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[pct-l] h2o filters???



I've used the Pur Hiker, MSR miniworks, Safe water anywhere Inline filter,
various chemicals (Iodine tablets, Polar Pure, most recently aqua mira).
Most of these aplications have been used during long distance hikes.

Here's the/a scoop on filter types.  Ceramic filters (MSR Miniworks) are
cleanable.  When the cartridge becomes clogged you can simply scrape off a
layer of ceramics and voila!  You have a new cartridge.  One cartridge
could go multiple thruhikes with absolutely no problems.  Ceramic
cartridges become clogged much more frequently than paper/proprietary
filters.  Why?  Surface area.  With a ceramic cartridge, you generally
only have about 20-30sq in of surface area, therefore all of the sediment
is trapped into a relatively small area.  Because of this small surface
area, there is also less pores for the water to pass through, this is why
they pump slower.  Paper/proprietary cartridges (Pur) are folded up like
an acordian inside of the filter body.  The result is that you have an
enormous surface area which equals a faster pump rate and slower clogging
rate.  However, these paper cartridges cannot be cleaned, nor can they
usually be backflushed.  When they break, you're stuck.

I began the AT with the MSR and hated it by the end of the third day.
Granted it works wonderfuly and I wouldn't even think of taking another
filter into alaska or areas with HEAVILY glaciated streams being the ONLY
water source of water.  However, on the AT and most trails in the lower
48, most elements that clog a filter are not from glacial till, but from
dirt and mud and the crap that people sometimes try to filter.  Why?
WHen you've been at a water source for 10 minutes and you've only filled
up two quarts you'll understand.  It took ON AVERAGE 135 strokes per
quart!  What a joke. When I reached Gatlinburg, TN, I recieved my beloved
Pur Hiker and used it (with a cartridge that already had a summers use in
it) successfully until Duncannon, PA, where it became difficult to pump
and I switched out cartridges (It is appropriate to mention here that the
PUR pump averged 35 strokes per quart, 100 strokes difference). I used the
next cartridge until about mile 75 of the 100 mile wilderness in Maine
when it clogged.  In this stretch I saw about 4 clogged Pur's, mostly
because noone wanted to drop $25 on a replacement cartridge right at the
end of the trail.  However, between iodine, and other filters becoming
"comunity" filters we made it the rest of the way without event.

After the AT I purchased the SWA Inline Filter in my efforts to save
weight.  This filter works with a hydration system so that you "filter as
you drink".  What a novel idea.  It doens't require too much umph to get
your water out, infact, the filter can be used as a gravity feed type if
you wish.  The filter itself cannot be cleaned, but a stainless prefilter
can.  Make sure that the hydration system that you use it with has a
plyable tubing like the platypus ones.  No plyable tubing will leak.

I used Iodine on the Long Trail and have no complaints about it.  In text
with a long distnace hike, you get used to the taste very quickly, infact
I prefered the taste of Iodined water after about a week.  There have been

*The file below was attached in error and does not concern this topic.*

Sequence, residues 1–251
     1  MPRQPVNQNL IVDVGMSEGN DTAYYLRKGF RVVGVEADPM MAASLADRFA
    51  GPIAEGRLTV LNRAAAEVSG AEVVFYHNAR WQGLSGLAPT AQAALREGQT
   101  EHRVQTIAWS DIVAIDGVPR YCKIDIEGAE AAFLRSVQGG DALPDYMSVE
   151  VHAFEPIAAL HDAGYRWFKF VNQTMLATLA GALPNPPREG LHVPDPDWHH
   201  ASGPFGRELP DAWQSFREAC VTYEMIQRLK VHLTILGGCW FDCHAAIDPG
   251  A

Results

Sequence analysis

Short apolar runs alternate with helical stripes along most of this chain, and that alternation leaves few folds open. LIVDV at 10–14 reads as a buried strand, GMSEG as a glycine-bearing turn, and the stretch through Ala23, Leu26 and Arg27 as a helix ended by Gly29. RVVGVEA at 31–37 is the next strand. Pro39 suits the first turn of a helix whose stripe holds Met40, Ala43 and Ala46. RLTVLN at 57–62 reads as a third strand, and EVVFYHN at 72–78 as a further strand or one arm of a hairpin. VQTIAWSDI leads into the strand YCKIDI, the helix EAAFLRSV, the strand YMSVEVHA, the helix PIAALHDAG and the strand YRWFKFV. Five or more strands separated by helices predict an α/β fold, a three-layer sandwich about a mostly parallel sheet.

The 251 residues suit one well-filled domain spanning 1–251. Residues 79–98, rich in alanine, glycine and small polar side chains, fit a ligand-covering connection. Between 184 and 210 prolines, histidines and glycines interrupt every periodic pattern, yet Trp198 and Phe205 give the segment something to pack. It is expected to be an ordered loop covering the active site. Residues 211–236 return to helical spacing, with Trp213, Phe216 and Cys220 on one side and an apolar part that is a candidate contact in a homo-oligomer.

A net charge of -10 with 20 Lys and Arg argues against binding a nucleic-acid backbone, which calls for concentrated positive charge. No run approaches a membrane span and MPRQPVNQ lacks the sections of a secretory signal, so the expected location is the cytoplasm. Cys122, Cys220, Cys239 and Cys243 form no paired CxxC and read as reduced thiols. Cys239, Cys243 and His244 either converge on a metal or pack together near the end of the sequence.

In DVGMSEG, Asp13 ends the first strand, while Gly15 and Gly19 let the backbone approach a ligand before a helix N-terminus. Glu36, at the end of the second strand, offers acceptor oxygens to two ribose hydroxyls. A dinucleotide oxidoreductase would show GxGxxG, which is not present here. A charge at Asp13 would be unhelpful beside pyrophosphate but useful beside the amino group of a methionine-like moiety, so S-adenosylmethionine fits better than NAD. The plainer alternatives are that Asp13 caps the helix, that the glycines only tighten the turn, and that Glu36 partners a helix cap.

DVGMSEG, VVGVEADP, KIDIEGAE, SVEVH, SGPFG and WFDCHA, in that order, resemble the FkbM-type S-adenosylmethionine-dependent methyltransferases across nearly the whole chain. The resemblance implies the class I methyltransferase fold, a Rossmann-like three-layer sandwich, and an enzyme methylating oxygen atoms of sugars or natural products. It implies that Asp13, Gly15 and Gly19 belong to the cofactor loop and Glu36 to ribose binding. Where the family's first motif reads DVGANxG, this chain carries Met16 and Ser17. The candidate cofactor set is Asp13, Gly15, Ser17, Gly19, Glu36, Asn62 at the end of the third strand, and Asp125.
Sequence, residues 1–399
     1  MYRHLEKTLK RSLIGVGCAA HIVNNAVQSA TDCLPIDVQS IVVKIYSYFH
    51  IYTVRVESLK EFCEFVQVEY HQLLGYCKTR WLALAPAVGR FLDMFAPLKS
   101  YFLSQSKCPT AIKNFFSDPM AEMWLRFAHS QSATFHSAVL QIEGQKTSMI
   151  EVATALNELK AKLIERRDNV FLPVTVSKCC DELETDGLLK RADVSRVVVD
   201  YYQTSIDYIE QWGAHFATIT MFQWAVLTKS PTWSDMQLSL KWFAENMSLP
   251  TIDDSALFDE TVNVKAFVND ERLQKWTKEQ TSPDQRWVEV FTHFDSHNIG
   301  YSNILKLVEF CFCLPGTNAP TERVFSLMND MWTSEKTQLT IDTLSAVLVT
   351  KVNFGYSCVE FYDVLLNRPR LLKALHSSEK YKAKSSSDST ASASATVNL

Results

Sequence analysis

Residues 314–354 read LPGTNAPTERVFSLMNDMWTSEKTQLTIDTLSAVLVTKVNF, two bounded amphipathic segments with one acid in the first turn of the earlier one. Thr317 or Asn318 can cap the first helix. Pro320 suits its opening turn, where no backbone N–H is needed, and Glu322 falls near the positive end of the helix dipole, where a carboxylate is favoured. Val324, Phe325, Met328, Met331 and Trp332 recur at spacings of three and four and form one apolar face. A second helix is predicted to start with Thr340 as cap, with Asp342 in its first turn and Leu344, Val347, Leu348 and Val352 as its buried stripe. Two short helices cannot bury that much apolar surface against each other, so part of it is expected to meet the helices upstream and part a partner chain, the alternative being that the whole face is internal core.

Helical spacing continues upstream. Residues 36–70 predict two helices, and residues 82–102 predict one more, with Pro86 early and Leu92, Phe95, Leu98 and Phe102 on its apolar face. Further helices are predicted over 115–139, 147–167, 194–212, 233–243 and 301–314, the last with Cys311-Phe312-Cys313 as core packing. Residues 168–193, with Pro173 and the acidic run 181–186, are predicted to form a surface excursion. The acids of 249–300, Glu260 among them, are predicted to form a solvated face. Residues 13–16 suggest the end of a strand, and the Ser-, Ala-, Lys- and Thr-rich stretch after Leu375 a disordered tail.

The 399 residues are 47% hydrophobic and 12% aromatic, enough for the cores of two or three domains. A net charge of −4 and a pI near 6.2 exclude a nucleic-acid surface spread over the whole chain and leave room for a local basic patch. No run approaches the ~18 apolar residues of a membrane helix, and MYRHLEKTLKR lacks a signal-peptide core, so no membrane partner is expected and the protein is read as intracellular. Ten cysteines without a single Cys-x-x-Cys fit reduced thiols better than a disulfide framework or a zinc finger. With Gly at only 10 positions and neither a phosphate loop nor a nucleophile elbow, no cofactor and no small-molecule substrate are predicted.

some heath issues raised about the long term use of iodine, but from what
I've been able to ascertain, it effects those with thyroid problems most.
I've also heard from what I consider to be a very reputable source that
one injests more iodine in one pound of shrimp than using iodine as a
primary source of water treatment for one year.  However, in vain, I
cannot verriy this statement.  However, I myself consider it to be true.

I've had the pleasure of using Aqua Mira a few times and it would be my
choice of water treatment if it weren't so doggone expensive.  It is
tastless, takes care of all of the little bugs that we're all so worried
about here, and is very lightweight and not bulky.

It is probably suited for me to state here that to my knowledge, all of
these methods mentioned take care of all of the little buggies that we're
most concerned about except for iodine.  Iodine's weakness is
Cryptosporidia.  Sorry folks, can't help you there.

Now for my opinion (I'm aware that I've interspersed a few in there with
the facts).  Water treatment is a very personal and very psychological
thing.  I treat about 30-40% of the water that I drink.  I DO NOT RECOMEND
THIS PRACTICE, nor do I recommend treating your water.  I don't care what
you do.  My treatment of choice would be AquaMira if I could afford it.
In light of that fact, I now use Polar Pure most of the time.  I have a
friend who has 4000+ miles on one bottle of Polar Pure, with crystals
still remaining.  The whole bottle costs $10...do the math.  I have had
personal experience with Pur adhearing and going beyong their stated
warranties, though they might not do that for you.  I've gotten several
free filter elements because of clogging issues, and I know of people
who've gotten 10+ and new filters altogether.  I've also had personal
experience with the MSR warranties and have found them to be more than
acceptable.  I do not have any experience with the warraty depts. of
McNett (AquaMira), Polar Pure, or SWA.


One more comment.  For those of you who have a Miniworks, or are
purchasing a miniworks, I have one piece of advice for you.  Don't take it
apart before you know what's in there.  There are some small parts that
are essential for operation that I've seen lost over and over and over
again.  Take that little ball that controls the flow direction...

This is not an attempt to persuade you to go one way or another on water
treatment, like I said; I don't care what you do about it.  Just a few
facts intermingled with my opinions.

Yall have a nice day... -Hungry Howie & The New Sushi